March 3, 2020: Flushing begins in Canyon Lake, Tuscany Hills and Canyon Hills area
Elsinore Valley Municipal Water District (EVMWD) is kicking off its water flushing program to maintain water quality throughout its service area.
“Flushing is a regular part of ensuring our customers receive high-quality water 24/7,” said Jase Warner, EVMWD’s director of operations. “This preventative maintenance activity not only verifies that the hydrants in our area are working correctly but it also removes sediments and other deposits that naturally accumulate in water pipes.”
During the months of March and April, flushing is scheduled to take place between the hours of 7:00 a.m. and 5:00 p.m. for the following communities in EVMWD’s service area:
• Canyon Lake – March
• Tuscany Hills – Late March and early April
• Canyon Hills – April
Regular water flushing is required by the State Water Resources Control Board. In addition, it is an important part of EVMWD’s water maintenance system as it controls bacteria, such as biofilm growth that can occur when water in a pipeline has lower demand; removes many deposits, sediment and other materials that can affect taste and odor; reduces corrosion through scouring the inside of the water pipeline; and ensures that hydrants and valves are working properly in an emergency.
The water flushing process forces water through the water main at a high speed. This water is then discharged through hydrants. Water that is flushed through the pipelines travels down into neighborhood gutters and eventually makes its way back to Canyon Lake – one of EVMWD’s water storage areas – for use at a later time.
Customers may notice a temporary reduction in water quality and water pressure in their home while flushing is in process on their street. When hydrant flushing occurs, customers may observe slightly discolored water coming from their faucets. This discoloring is temporary and only affects the appearance of water; it does not cause a health or safety risk.
If water is discolored after water flushing, run cold tap water for a few minutes and water should become clear.
If customers experience discoloration for a prolonged time or experience a significant loss of water pressure following hydrant flushing, they should call EVMWD’s Operations Department at 951-674-3146 x8305 for assistance.
Elsinore Valley Municipal Water District (EVMWD) routinely opens fire hydrants to blast stagnated water and sediment from local water mains. The presence of fine sediment in the water system poses no public health hazard, however the accumulation of sediment may cause water to become discolored or develop an unpleasant taste and odor.
Routine flushing ensures EVMWD is delivering safe and high-quality household water that meets California’s strict quality standards, which are enforced by the California Department of Public Health. Regular clearing helps protect pipelines from blockages and corrosion. More than 1,700 fire hydrants and blow-offs and more than 600 miles of water pipelines ranging in size from 4-inch to 42-inch cover EVMWD’s 96-square-mile service area.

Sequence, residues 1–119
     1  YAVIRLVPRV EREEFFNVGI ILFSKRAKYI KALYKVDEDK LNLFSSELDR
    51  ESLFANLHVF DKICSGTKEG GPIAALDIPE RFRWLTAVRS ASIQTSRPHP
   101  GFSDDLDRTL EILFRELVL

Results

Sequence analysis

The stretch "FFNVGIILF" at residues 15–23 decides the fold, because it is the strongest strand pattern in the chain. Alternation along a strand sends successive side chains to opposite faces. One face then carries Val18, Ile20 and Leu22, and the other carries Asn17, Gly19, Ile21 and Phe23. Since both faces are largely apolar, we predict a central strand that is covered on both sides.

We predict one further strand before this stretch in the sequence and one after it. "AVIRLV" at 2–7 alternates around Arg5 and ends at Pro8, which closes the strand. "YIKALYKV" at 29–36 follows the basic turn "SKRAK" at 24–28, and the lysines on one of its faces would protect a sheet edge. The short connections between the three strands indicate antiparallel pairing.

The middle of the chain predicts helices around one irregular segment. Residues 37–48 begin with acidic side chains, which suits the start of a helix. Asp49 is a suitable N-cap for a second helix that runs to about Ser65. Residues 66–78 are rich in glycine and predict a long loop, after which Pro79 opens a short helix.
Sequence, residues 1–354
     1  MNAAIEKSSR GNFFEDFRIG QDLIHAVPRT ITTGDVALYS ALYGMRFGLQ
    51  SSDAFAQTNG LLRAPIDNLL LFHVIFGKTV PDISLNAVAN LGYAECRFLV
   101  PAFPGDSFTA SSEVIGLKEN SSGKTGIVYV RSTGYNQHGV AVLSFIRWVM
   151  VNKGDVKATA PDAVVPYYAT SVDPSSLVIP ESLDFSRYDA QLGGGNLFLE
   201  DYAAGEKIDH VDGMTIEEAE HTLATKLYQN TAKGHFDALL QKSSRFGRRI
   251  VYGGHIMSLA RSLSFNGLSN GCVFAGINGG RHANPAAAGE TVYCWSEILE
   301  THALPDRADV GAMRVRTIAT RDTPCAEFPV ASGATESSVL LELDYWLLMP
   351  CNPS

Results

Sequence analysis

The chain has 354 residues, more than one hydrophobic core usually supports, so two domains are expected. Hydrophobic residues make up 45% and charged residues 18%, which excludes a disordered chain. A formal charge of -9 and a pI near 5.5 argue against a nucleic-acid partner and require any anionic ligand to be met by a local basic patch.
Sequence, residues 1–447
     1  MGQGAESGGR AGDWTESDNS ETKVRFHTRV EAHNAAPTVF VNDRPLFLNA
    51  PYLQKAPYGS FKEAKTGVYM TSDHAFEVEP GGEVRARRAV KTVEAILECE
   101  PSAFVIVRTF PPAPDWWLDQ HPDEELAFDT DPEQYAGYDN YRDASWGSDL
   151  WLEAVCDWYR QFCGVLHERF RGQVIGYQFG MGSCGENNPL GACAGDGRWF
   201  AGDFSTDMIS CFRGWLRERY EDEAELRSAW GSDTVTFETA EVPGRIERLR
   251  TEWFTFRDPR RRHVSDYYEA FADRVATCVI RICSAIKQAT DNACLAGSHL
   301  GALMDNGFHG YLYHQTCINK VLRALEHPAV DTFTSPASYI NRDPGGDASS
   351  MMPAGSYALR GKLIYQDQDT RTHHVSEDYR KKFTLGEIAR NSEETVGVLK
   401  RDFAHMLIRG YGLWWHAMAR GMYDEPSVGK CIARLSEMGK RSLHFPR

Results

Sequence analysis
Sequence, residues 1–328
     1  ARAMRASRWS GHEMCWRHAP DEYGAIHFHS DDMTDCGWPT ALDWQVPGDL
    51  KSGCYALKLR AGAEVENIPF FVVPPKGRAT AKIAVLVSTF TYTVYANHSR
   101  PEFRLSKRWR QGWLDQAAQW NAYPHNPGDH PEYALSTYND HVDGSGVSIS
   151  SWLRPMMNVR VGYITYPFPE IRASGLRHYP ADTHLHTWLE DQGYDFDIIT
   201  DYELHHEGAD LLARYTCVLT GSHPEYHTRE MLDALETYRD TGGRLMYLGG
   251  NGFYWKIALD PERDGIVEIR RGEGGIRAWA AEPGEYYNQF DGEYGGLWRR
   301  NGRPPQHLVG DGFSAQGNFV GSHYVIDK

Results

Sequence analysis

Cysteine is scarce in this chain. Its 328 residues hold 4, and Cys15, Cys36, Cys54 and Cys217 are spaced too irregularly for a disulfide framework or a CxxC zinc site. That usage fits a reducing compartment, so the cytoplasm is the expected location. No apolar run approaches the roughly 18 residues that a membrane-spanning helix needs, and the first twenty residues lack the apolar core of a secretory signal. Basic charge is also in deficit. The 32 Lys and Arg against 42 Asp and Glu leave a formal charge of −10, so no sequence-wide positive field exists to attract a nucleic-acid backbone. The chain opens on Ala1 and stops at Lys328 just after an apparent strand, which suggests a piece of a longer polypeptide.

Every year, EVMWD personnel collect more than 12,000 routine water samples from the water lines to test them for salts, metals and potential contaminants. Chlorine is neutralized from the water. This is recorded and reported to the local Regional Water Quality Control board which determines water discharge requirements.
When will flushing begin?
EVMWD field maintenance crews conduct their flushing program on an as needed basis, in order to maintain water quality while still being mindful of resources. This process requires crews to flush each hydrant or water line for approximately 1 minute, or 400 gallons of water, each time. Some “hot spots” are flushed as often as once a month to ensure EVMWD is delivering quality water to our customers.
What time of day will flushing occur?
Flushing can occur anytime if we receive a water quality complaint. Staff will investigate and, if it determined flushing is needed, EVMWD personnel will flush the lines to improve the water quality.
How will this affect me?
Try not to use water during flushing. If you do experience discolored water stop using the water and open a hose bib as close to the meter as possible. This will minimize the amount of discolored water that enters your plumbing. Once the water is clear in the front hose bib you can then open the faucets in the house to flush any remaining discolored water. The discolored water is not harmful but it is not recommended for human consumption. Your water service should not be interrupted. However, if you notice any difficulties with water flow, color or taste that do not resolve please notify EVMWD at the number listed below.
Isn’t line flushing a big waste of water during a severe shortage?
EVMWD is always mindful of the amount of water being used during the flushing program. Water flushed from the lines is not wasted, so water will be sent to the District’s sewer collection system, where it will be conveyed to one of the District’s three waste water reclamation plants, treated to a level acceptable to the Water Resources Control Board and returned to our system as recycled water. If the collection system is not within reach, the flushed water will be collected at the local storm drain and diverted to one of our two lakes, Canyon Lake or Lake Elsinore.